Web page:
Given the popularity of Mozzarella cheese and Italian cuisine, in general, it is not surprising that production of other Italian cheeses, such as Parmesan, Romano, and other hard grating types, have increased by more than 120% in the last twenty years.Although Parmesan is the prototype of the hard Italian grating type cheeses, there are many variations of this cheese, including Romano,Asiago, and Grana.
As recently as 2002, the Food and Drug Administration's official Standard of Identity for Parmesan was changed to accommodate newer methods of manufacturing, such that less aging was required. In contrast, Parmesan made in Italy must conform to rigid manufacturing procedures if it is to be called Parmi-giano Reggiano.The milk, for example, must be obtained from cows raised in a specific region
(the Po Valley) and fed a specified diet. Only raw milk can be used, and it must be standardized in a specific manner (which includes a natural creaming step). Calf rennet is used for coagulation. The cheese is ultimately aged for at least twelve months, but usually longer (two to three years). Despite these considerable challenges, annual production of Parmigiano Reggiano is still rather high (about 100 million kg); however, even in Italy it is expensive (often more than $18 per Kg). Recently, the European Union ruled that only cheese made following these prescribed procedures could be called Parmesan. Other famous European cheeses, including Roquefort and Feta, have received similar EU protections (the so called Designation of Protected Origin or DPO).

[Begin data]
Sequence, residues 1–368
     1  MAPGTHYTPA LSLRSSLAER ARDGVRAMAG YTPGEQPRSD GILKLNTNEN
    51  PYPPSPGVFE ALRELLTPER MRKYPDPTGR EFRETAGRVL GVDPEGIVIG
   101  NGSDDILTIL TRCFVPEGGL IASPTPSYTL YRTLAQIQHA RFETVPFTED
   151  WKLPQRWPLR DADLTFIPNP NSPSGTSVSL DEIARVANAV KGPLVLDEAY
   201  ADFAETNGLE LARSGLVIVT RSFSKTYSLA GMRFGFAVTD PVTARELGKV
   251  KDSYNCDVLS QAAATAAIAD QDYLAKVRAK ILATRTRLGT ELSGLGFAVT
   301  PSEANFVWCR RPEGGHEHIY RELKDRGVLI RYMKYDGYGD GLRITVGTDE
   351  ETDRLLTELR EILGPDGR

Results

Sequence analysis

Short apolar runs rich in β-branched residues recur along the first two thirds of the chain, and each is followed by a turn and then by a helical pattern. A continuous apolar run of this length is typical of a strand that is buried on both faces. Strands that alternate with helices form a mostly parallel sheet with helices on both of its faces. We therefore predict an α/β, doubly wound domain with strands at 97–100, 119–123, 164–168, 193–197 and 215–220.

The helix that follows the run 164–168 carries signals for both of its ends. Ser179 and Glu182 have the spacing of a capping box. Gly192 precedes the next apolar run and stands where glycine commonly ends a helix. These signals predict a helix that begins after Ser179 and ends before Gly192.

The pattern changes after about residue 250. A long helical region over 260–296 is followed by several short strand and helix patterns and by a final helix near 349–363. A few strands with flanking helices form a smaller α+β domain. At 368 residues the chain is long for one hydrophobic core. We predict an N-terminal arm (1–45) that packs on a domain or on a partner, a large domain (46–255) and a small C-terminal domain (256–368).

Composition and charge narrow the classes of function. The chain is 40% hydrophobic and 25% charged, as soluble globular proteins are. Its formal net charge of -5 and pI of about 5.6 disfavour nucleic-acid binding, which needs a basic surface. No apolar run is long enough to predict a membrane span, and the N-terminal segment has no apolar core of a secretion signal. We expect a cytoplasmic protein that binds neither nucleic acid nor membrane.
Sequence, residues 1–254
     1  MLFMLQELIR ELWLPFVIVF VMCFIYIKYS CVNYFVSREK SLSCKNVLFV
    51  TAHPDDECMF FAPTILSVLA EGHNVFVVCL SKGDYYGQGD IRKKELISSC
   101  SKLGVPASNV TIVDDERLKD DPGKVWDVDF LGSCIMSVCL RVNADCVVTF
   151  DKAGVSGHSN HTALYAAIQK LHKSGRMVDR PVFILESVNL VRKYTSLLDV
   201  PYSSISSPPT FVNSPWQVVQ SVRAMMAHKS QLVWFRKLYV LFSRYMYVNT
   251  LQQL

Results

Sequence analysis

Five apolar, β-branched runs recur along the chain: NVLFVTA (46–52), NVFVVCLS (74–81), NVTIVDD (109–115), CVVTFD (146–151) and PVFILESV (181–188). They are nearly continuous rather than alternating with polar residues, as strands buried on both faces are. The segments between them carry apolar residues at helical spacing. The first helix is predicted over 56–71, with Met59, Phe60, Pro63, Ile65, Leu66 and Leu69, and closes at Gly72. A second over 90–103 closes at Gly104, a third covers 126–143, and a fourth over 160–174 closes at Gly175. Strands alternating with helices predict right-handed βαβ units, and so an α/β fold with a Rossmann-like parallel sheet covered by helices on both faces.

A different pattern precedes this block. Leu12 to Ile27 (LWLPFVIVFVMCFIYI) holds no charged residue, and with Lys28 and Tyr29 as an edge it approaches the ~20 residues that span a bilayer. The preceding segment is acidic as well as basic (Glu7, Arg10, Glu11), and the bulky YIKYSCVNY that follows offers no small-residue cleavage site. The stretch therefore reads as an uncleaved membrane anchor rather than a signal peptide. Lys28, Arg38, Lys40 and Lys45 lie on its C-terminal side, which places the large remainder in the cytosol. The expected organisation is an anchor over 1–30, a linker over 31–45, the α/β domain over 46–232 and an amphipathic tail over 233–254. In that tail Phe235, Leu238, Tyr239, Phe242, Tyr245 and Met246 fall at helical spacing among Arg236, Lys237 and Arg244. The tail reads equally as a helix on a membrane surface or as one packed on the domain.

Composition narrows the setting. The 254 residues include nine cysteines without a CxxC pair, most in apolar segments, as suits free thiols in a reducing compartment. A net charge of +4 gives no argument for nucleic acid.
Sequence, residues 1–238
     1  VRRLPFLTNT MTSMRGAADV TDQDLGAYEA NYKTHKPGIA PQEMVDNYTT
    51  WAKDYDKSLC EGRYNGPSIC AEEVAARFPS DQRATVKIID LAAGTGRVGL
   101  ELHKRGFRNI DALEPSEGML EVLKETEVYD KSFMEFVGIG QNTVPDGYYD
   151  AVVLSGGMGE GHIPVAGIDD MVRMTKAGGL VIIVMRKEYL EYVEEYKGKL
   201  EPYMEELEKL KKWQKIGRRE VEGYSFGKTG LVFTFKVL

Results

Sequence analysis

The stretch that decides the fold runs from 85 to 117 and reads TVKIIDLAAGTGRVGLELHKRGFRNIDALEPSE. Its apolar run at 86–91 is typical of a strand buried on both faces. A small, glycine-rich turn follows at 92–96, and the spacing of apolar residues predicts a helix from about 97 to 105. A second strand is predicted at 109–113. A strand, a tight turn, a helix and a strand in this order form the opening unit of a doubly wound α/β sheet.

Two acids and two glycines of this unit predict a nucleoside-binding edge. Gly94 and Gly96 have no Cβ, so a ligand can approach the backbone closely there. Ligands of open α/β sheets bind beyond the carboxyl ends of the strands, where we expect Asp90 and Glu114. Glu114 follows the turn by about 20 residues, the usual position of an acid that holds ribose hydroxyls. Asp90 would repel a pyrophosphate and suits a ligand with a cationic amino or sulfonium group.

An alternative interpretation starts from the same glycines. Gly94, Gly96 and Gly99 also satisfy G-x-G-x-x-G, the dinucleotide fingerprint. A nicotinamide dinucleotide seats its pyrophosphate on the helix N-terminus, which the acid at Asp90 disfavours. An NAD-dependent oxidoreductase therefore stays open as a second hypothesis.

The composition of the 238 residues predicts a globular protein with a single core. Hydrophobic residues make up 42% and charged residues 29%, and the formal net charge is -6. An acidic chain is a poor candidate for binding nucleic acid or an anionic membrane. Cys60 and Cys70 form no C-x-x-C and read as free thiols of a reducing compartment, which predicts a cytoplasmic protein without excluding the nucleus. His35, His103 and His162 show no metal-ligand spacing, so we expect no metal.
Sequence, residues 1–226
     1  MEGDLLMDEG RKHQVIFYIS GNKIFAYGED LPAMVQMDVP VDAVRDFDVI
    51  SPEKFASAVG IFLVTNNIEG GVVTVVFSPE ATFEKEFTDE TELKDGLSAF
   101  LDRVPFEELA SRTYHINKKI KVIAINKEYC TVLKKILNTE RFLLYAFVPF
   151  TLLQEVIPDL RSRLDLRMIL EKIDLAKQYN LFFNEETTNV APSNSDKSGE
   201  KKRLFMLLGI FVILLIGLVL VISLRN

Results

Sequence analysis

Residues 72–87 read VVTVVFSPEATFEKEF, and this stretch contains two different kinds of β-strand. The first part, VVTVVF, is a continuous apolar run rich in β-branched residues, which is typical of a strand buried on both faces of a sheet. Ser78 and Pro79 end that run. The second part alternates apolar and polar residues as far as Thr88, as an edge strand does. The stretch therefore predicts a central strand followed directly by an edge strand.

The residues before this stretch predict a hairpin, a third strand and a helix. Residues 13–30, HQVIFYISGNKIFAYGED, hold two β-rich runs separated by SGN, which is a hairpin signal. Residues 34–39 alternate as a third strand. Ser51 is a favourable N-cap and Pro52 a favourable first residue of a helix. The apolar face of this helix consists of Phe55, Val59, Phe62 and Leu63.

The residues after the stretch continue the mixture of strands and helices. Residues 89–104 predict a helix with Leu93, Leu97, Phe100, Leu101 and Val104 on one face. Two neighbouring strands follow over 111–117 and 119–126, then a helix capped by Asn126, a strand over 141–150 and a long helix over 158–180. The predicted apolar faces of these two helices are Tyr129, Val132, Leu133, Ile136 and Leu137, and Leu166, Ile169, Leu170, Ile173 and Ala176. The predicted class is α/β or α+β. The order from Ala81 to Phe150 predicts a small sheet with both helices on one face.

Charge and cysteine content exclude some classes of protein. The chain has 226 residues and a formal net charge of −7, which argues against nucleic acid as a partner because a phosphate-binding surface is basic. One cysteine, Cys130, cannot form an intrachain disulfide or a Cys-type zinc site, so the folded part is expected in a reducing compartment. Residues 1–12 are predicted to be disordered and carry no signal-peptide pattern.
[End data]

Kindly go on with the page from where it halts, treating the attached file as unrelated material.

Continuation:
In the United States, where manufacturers are not bound by EU rules, Parmesan is made from cow milk standardized to about 2.4% to 2.8% fat. The milk is inoculated with a ther-mophilic culture and rennet is added. The curds are cut to give small curds, similar to Swiss, cooked to 45 to 48°C, and stirred for up to forty-five minutes. Some acid development during the stir-out step occurs, and when the pH reaches about 5.9, the whey is drained.The curds are placed into forms and pressed for twelve to sixteen hours, during which time the thermophilic culture ferments the lactose. Next, the cheese is brined for two weeks and dried for up to six weeks (to obtain a moisture content of 32%). Aging is essential for Parmesan cheese, and until recently, ten months of aging was required to satisfy the U.S. Standards of Identity (and to produce good flavor).
In 1999, Kraft successfully petitioned the FDA to permit cheese aged for a minimum of six months, instead of the nine months, to be called Parmesan, provided the original characteristics and properties were still maintained. Apparently, the use of enzyme technologies, combined with a slight increase in ripening temperatures, can produce a cheese that, while not intended to be the quality equivalent of a traditional, well aged Parmesan, still has a clean and acceptable flavor that is quite suitable as a grating cheese. One of the more popular varia tions of Parmesan, Romano, is made in a similar manner as Parmesan, but it contains lipase and, at least in Italy, is made from sheep's milk.
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